In your assembly just above the tree, select 'settings' then 'tree columns' under the 'info' box select 'status' and move it to the right. this will show the status on all parts wheather they are suppressed, frozen, regened, children etc.. If you want then you can save the tree to load always. _______________________
A couple points: 1.. To load each time, you must point the option mdl_tree_cfg_file to your tree.cfg file by browsing to it 2.. There are limitations to what it will show as frozen. For example, it will show a group as regenerated while every component in the group is frozen. You will have to show the tree in fully expanded form to see this.
3.. Same with subassemblies: the subassembly may regenerate while components within it are frozen, suppressed, etc, so, to see their status, expand all.
David Janes
Reply to
Janes
Pro/e assemblies are not experiencing climate change and spontaneous thawing. But, sometimes, redefining one will cause the others to suddenly wake out of their comatose state and assemble normally. But, as to what you do with frozen components in assemblies depends mostly on what you use the assemblies for. A drawing BOM is not affected by a component's frozen status. But it may be by other status anomolies (suppressed, suspended). And other functions like Mechanisms or analysis functions balk at frozen components. So, I've just gotten into the habit of maintaining clean assemblies, running Model Check and doing searches of anomolous components.
David Janes
Reply to
Janes
As Dave said, a frozen component will "thaw" "automatically" if its references are resumed in some other action. For example, if Component B is assembled to Component A and you suppress Component A, you can chose to freeze Component B (or suppress/delete it or redefine it). It will kind of hover in space without references. But if later on you resume A, then B will no longer be frozen, assuming the geometry is still there.
Reply to
graminator
"And we know that when you do that the model can't possibly fail regeneration because that wouldn't make sense, now would it? "
Feh....
Reply to
Polymer Man
From theory, I´d agree. Practically, I run into some invalid refs of a component from time to time when I decide to manually redefine.
To my surprise ProE does not nag about it beforehand and I suspect this has to do with an earlier "freeze" - in order to get ahead to things I wanted to fix in a failed assembly primarily.
Forgotten´n´frozen components seem to stay in place until "thawed", i. e. selected to redefine... but, unfortunately (dangerously) not quite exact, though: there always seems to be a bit of drift.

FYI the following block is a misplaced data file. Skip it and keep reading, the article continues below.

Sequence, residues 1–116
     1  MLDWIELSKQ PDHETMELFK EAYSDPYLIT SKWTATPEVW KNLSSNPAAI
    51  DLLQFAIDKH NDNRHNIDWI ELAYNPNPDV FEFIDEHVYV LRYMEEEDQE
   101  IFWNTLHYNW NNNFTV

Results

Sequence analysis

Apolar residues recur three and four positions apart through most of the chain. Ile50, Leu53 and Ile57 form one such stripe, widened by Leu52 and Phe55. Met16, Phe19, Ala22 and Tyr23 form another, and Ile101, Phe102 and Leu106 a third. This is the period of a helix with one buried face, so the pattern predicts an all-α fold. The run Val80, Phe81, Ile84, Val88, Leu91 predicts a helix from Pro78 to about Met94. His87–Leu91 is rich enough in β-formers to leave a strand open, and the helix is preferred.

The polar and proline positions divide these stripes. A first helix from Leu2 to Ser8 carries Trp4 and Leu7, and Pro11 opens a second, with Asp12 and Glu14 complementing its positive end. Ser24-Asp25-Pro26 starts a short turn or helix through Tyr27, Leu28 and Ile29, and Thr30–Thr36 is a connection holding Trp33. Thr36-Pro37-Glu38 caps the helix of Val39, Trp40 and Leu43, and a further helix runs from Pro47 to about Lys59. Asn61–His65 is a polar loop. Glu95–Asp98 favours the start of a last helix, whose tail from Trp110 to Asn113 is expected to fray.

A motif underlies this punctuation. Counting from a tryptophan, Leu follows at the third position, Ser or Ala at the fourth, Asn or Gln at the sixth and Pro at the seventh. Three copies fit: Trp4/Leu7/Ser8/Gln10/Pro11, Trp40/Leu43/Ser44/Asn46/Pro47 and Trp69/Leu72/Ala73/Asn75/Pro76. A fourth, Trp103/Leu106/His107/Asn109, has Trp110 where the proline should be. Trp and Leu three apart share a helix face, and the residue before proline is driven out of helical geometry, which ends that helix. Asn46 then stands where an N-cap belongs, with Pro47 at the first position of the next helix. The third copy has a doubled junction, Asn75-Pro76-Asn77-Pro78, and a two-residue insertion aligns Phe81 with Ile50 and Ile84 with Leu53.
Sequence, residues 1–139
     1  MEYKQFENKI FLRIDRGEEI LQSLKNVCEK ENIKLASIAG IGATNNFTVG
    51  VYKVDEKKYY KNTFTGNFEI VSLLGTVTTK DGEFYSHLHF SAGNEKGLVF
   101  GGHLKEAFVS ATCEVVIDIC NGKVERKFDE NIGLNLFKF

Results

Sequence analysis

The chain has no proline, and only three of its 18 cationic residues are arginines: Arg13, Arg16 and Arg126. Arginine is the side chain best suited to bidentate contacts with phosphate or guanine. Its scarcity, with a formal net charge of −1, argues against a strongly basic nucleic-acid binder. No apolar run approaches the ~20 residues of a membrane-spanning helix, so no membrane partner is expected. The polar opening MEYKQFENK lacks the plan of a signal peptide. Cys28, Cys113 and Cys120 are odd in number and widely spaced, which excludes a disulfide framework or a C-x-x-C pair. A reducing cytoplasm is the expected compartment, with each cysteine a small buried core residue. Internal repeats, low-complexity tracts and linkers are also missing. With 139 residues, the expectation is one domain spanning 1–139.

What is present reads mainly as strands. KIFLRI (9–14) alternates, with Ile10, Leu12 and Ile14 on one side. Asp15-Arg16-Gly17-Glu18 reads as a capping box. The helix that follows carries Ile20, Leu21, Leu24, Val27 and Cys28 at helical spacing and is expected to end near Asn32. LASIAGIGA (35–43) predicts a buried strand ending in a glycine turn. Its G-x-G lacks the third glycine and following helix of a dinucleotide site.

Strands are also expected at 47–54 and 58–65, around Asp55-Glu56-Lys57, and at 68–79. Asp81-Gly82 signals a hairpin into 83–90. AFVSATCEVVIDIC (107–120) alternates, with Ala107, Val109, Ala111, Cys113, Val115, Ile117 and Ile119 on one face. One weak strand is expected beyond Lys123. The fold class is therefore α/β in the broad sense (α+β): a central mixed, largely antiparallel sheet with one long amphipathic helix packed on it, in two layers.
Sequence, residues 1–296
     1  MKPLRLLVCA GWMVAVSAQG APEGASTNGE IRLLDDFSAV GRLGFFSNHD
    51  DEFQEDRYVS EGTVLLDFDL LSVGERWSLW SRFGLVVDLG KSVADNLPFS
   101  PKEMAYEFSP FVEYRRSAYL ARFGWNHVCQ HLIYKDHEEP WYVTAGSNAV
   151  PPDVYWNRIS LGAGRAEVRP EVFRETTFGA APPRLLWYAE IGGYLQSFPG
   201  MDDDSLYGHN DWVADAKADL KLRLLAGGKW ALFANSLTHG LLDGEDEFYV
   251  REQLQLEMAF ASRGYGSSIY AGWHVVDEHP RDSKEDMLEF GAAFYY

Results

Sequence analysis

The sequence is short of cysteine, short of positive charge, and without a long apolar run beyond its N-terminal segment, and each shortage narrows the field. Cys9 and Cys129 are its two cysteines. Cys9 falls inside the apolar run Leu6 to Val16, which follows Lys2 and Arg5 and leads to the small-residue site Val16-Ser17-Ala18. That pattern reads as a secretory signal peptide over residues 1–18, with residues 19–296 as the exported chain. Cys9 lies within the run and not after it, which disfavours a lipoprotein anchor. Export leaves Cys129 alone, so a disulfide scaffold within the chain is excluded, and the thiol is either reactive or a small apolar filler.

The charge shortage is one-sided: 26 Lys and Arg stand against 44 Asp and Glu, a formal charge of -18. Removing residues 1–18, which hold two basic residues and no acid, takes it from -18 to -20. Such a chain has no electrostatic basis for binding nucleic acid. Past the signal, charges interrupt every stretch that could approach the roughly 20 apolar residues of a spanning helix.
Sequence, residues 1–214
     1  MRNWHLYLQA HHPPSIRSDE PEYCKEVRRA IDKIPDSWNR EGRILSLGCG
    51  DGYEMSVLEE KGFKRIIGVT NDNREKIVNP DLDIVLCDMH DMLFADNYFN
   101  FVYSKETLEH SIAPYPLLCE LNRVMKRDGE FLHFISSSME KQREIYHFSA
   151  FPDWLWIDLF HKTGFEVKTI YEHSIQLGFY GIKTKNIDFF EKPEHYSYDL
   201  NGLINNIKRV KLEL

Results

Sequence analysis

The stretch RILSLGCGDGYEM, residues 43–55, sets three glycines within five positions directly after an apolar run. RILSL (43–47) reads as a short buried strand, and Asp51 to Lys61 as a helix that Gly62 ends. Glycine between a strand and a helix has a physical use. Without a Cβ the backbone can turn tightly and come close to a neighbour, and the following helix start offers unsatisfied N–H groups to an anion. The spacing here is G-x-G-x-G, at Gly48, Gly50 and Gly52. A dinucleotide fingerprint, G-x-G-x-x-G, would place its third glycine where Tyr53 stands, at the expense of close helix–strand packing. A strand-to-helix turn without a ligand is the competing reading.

Walther
Reply to
Walther Mathieu
Frozen components for me are always temporary. I always make sure everything is regenerated when it's going out, not because I'm a goodie two shoes, but because if it's not then I'll have egg on my face later on if something doesn't fit properly.
Reply to
graminator
The small amount that they go out of alignment is quite mysterious. When the assembly first opens and regens, if you look closely, you'll see a message that says "Component ID X placement references missing. Using previous placement". If it is, as I suspect, using some offset from the default assembly csys, how could it be off at all, much less by the small amount that it's off? I don't get it either, but it would be just enough to do a major screw up of an interference check with fasteners in place. Wierd and just enough that I suspect Pro/GOOFY, the built in joke module of Pro/e. And you thought it was just random strangeness. Like converting unitless factors when changing systems of units. Stuff you'd hardly even notice but that cause a ripping good time when you do. Yup, lotsa laughs.
David Janes
Reply to
Janes
that´s what my boss would tell me ... if I had one :-) In reality, deadline is always close and I *have* to brush aside minor nags.
With insert mode activated in sub-assemblies the freeze nag appears far to often to not ignore it in order to get ahead to the real work.
Later on, I´d like a button "thaw all frozen components", or, better: automatically suggest refs to realign previously frozen components to. I frequently find that refs of dangling components are still there, but somehow ProE missed them and wants additional point´n´click work.
The hidden Pro/GOOFY module some frustrated outsourced el-cheapo coder freshman has hidden inside ProE´s Advanced Deadline Thwart Package (as David suggested) explains a lot... many thanks! I needed a laugh.
Walther
Reply to
Walther Mathieu